Dissolve sugar, salt and butter in cooled milk.  Dissolve yeast in warm water.  Add milk mixture, flour, onion and herbs and stir vigorously with a heavy spoon until smooth.  Cover bowl and allow to rise to triple bulk, about 45 minutes.  Stir down and beat vigorously.  Turn into a greased loaf pan and let stand 10 minutes in a warm draft free location.  Bake @ 350f until done. (the recipe said 1 hour, however, I have never with any oven in any location I have lived been able to bake it more than about 45 minutes without it getting too brown and dry, just check it after about 45 minutes and decide).

Tonight we will both enjoy our own version of comfort food, as I will remove the meat and portion of the broth and add about half of the potatoes and carrots to it to cook then thicken for stew and add the other half of the potatoes and carrots along with the other vegetables to make my soup and we will both enjoy the bread.  What better way to spend a cold windy afternoon than filling the house with the aromas of homemade soup and bread.

Life is indeed good on our mountain farm.

Another food day

Today was a rainy day.  It started with frozen rain and a slick walk to the chicken coop to let them out, but then the rain set in.  Rainy days are comfort food days and as I had put away tomatoes in the freezer last summer and fall, after blanching, peeling and crushing them, I decided it would be a good day for a big pot of pasta sauce.  There are onions in the house, carrots in the fridge, celery that I had chopped and frozen, lots of garlic from last summer’s garden and the herb and spice supply well stocked.  I don’t use jarred sauce, well not commercial jarred sauce.  Instead, when I make sauce, I make plenty, jar up the extra in wide mouth pint jars and then either can or freeze it for a quick meal on another day.  My sauce takes many hours of simmering, but is so worth the effort.

Our use of the post holiday discount that we got from the local grocery had resupplied the dry pasta supply as well, so homemade sauce and angel hair was the meal of the evening.

Pasta Sauce

2 medium onions chopped

1 head of garlic peeled and minced

4 stalks of celery chopped

2 carrots, diced

12 cups of crushed tomatoes

1-2 Tbs dried oregano

1-2 Tbs dried basil

1 Tbs fennel seed

1/2 tsp crushed red pepper

2 tsp salt (if tomatoes are unsalted)

EVOO to coat the bottom of a heavy pot

Saute the onions, celery and carrots until the onions are translucent.  Add the garlic and stir for a minute or two until the garlic is fragrant.  Add the tomatoes, herbs, fennel and salt, bring to a low boil and reduce to a low simmer for several hours, stirring occasionally to keep from sticking.  As the sauce thickens, break up the tomatoes and adjust seasoning to taste.

At this point, precooked Italian sausage links or crumbled sausage can be added if desired.  Hubby likes it with meat, I am just as happy with it as it.

Serve over the pasta of your choice and top with shredded Parmesan or Romano cheese and more crushed red pepper if you want more spice. 20130908_143737

This comfort meal provided a great meal for 2 plus 5 pint jars of sauce for the freezer for an easy meal on another night.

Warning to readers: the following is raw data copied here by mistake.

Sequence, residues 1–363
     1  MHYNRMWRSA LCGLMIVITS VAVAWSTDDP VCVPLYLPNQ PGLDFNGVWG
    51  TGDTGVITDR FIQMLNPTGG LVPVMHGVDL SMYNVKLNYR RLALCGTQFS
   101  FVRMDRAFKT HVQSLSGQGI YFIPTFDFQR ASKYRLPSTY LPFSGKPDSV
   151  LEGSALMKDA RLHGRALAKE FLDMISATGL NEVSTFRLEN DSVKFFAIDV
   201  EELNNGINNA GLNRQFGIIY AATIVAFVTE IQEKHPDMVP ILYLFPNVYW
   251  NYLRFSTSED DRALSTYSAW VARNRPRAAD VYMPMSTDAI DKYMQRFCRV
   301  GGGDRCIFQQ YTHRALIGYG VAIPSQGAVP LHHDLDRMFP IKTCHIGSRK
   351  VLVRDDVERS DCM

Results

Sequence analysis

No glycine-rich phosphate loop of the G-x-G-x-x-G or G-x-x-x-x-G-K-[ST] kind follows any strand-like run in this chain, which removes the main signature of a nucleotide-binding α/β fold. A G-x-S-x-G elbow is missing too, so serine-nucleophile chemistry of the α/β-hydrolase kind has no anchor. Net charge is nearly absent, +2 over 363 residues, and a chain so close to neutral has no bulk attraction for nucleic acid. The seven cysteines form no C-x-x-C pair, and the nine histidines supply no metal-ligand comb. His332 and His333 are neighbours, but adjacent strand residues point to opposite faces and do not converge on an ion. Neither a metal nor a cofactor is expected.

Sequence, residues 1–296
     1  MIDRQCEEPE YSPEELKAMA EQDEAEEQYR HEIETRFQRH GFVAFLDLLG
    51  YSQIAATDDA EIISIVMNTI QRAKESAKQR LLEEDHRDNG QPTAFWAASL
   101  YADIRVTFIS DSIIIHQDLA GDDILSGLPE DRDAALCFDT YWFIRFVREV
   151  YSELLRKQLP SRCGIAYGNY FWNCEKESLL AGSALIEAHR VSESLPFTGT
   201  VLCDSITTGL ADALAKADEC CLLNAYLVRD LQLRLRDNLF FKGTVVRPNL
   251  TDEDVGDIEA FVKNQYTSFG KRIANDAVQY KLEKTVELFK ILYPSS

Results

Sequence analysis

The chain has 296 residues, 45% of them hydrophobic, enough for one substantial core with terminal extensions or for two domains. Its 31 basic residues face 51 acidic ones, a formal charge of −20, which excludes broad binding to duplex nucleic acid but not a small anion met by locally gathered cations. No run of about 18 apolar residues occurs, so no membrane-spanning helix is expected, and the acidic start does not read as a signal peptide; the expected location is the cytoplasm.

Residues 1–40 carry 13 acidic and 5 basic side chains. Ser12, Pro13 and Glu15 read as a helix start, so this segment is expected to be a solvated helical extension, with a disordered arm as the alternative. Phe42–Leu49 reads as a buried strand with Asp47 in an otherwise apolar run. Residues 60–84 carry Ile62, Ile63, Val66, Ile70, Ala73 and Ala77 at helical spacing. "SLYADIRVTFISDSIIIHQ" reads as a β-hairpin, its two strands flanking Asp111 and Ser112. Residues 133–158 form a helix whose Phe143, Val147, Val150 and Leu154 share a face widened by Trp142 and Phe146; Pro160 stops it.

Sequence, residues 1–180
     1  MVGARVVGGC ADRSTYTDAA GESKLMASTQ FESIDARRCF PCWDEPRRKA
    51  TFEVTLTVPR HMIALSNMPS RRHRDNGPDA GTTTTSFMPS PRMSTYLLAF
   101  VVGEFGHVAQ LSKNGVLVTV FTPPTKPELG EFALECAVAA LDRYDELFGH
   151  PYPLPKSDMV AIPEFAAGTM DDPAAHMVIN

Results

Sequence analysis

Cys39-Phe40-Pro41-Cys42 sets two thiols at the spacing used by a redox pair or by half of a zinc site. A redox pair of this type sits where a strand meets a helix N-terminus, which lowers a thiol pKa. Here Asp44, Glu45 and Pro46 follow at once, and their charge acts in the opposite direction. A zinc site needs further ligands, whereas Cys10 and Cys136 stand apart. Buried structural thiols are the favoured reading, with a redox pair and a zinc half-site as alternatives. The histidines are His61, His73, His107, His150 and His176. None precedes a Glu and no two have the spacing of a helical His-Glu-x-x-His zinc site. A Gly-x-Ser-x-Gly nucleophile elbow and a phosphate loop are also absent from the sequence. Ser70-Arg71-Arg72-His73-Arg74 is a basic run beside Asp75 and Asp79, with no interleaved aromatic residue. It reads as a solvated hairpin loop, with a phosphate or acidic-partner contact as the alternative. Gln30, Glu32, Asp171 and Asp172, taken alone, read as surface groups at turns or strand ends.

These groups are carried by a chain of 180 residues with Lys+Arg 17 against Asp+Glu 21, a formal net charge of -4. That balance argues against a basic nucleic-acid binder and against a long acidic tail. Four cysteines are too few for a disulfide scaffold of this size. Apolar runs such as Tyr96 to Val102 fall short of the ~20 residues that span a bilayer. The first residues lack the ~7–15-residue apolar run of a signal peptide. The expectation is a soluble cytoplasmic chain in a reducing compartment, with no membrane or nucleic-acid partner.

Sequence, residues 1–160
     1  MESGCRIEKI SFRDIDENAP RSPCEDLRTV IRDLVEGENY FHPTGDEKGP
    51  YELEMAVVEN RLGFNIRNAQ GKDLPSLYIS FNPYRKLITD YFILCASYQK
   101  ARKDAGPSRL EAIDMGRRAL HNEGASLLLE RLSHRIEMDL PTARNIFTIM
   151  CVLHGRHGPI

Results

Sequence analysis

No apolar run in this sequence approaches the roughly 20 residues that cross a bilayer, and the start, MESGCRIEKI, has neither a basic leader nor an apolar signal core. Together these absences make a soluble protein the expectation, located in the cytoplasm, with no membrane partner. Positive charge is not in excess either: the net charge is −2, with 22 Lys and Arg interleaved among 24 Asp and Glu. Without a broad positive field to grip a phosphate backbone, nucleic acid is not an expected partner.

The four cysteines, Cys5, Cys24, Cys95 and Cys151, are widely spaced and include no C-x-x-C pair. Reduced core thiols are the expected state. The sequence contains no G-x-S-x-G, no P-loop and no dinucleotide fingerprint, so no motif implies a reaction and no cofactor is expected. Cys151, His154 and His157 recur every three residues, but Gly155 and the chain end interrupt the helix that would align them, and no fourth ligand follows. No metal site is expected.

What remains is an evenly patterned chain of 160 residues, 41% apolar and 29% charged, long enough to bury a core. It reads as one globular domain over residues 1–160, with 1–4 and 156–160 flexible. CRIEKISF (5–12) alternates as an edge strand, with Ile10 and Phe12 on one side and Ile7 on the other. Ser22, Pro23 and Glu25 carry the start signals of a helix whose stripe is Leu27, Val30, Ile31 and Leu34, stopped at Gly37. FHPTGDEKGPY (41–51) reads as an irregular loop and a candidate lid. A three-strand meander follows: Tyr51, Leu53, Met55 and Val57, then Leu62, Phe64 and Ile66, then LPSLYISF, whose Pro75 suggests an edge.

Mexican Night

Today is the day that our eldest son and family arrive to spend Christmas with us.  Today is Saturday and Saturday at their house is Mexican night.  The family is trying to learn Spanish, so on Saturday night, when son hasn’t had to work all day at the University, he prepares a Mexican dinner and they watch a movie in Spanish.

If you have been following my blog for at least a few weeks, you know that we spent the first week of December in Mexico, Zihuatanejo, on the southern Pacific side of Mexico, a quaint fishing village with lots of seafood as their traditional food, but it is in the state of Guerrero which is also noted for its Pozole Verde.  It is traditionally served in restaurants on Thursdays and we had a Pozole Verde lunch on our second day there.  I have had white and red Pozole before, but this was so much better.

When we arrived home, I searched the web for a recipe and found this http://www.patismexicantable.com/2011/09/you_know_you_want_it_green_pozole/.  It looks like the soup we had in Mexico and I decided to give it a try to help them carry on their tradition.  As we raise some meat chickens, I had a nice plump bird in the freezer for the meat base.  Being a locavore, the other ingredients don’t really fit my life style, limes, avocados, and tomatillos (this time of year) and as dry hominy is not available here, I bought Mexican style canned.  The recipe says it is better reheated, so Thursday afternoon and evening, I stewed the chicken in the crockpot, deboned and shredded it and added it back to the broth.  It was put aside in the soup pot in the refrigerator until Friday, when I added the Mexican hominy and made the verde sauce and added it.  It went back in the refrigerator until just before dinner today, it will be cooked for the last 30-45 minutes and the garnishes will be cut and put in service bowls and we will see how authentic it tastes.

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Now if I could just find recipes for the tiny hot pepper stuffed empanadas and the tiny cheese stuffed fried cones of masa to accompany it, I could at least dream that we were back in Mexico on a Thursday.